The bands you didn’t particularly search for always turn out to be among the best ones – the ones that surprise and fascinate you upon first listening to them.
Don’t ask me how I came across Voland, because I really have no idea. I just know that I wrote their name on a list of bands on Bandcamp I needed to feature at some point, and a couple of months later, here we are.
Voland is a two-man extreme metal project from Bergamo, Italy that started out in 2006. While their lyrics are inspired by Russian history, their sound is rooted in black metal. Especially in the beginning, their compositions were quite atmospheric and had some folk influences. Recently, though, Voland have incorporated increasingly more epic and classical influences into their music. “We started with the idea of writing black metal songs, only to understand that we both found the boundaries of the classic genre very limiting”, says Rimmon, the voice behind Voland.
The first self-titled EP saw the light of day in 2007. “At that time, I was studying Russian language and literature, I was strongly influenced by it. That’s how the name Voland came to be, it’s the name of the devil in disguise in Mikhail Bulgakov’s “The Master and Margarita” and that’s about the most satanic thing there is about our project. When confronted with the choice “What lyrics to write for our first song?”, we decided to further indulge in the fascination with Russia, only from a more historical point of view.”
Ten years later, Voland’s second EP was released in celebration of the 1917 October Revolution centenary. For the opening track “1917” , the duo set extracts of poems by Vladimir Mayakovsky, the leading poet of the Russian Revolution, into music. On “Ottobre”, Voland aimed to capture the atmosphere of the October Revolution. “Dubina” is inspired by the Russian folk song “Dubinushka”, a song of protest against social injustice, which was considered the unofficial anthem of the Revolution. The track starts off with one of the most famous interpretations of the original song by Russian baritone Fyodor Shalyapin, then the metal kicks in. The EP is concluded by an instrumental outro, which indicates the start of the Civil War after the October Revolution.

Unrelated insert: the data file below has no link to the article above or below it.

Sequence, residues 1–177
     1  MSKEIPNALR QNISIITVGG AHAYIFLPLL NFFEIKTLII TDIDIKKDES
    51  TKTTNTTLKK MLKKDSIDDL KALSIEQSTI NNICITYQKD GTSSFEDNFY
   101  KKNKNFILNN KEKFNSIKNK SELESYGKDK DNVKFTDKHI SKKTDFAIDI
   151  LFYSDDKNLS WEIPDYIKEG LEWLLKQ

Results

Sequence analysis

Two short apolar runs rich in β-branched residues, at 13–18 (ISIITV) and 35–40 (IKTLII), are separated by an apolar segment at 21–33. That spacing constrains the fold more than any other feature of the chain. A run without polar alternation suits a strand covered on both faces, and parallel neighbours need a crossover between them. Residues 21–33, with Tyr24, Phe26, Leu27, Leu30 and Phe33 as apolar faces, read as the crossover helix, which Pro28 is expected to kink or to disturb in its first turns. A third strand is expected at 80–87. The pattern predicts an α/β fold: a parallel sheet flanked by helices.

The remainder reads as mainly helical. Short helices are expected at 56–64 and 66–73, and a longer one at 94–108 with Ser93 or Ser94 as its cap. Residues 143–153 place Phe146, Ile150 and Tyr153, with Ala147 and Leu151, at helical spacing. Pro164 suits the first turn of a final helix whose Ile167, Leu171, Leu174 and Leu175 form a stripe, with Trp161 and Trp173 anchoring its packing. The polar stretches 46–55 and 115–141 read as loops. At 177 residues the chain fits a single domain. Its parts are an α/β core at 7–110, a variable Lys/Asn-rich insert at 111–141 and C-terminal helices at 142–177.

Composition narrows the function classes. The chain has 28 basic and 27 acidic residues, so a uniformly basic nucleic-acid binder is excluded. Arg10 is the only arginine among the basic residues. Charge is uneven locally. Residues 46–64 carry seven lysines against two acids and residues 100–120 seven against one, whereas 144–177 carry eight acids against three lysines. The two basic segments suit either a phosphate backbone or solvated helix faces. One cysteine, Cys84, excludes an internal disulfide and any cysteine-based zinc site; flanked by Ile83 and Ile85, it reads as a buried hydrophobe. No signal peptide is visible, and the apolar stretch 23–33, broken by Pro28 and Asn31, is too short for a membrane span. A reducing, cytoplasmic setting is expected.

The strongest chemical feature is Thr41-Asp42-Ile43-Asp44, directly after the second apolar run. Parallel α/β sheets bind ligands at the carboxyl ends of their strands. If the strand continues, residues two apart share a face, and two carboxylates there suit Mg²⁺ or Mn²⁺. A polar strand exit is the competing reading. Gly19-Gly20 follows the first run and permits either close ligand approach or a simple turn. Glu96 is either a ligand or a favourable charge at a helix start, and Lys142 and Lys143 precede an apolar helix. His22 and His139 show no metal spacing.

When asked about the duo’s choice of lyrical topics and their fascination with Russian history, vocalist Rimmon explains: “Many events from Russian history have had major repercussions on world history, often shaping its course. For us Western Europeans, Russia is something that is both familiar, with close ties to our own history, and distant at the same time, remote in terms of space and mentality. A very small portion of events from Russian history is commonly known in the “West” and even those approximately so. Russian history is very complex and often very violent. Wars, revolutions, heroism… as tragic as some of these events may have been in real life, they surely do make for some epic tales, especially when narrated through metal music.”
When it comes to the future of the band, it doesn’t seem to be certain yet. “We do not have contractual obligations for Voland, it’s a genuinely underground project and we publish our music for free digitally”, Rimmon continues. The band has recently started collaborating with Masked Dead Records and Xenoglossy Productions to offer physical copies of their music. Rimmon concludes: “Surely I would love to go on with the project, but only when we will be sure of the quality of new material.” So we may stay tuned for more.
You may think that Voland sounds like a band that will only please a special audience. However, don’t hesitate to give them a try, as their melodic and memorable compositions are a lot more inviting than you might think. You truly don’t have to be a huge extreme metal fan to enjoy what the two guys are creating. Everyone with an interest for history and epic or classical music will surely enjoy this hidden gem.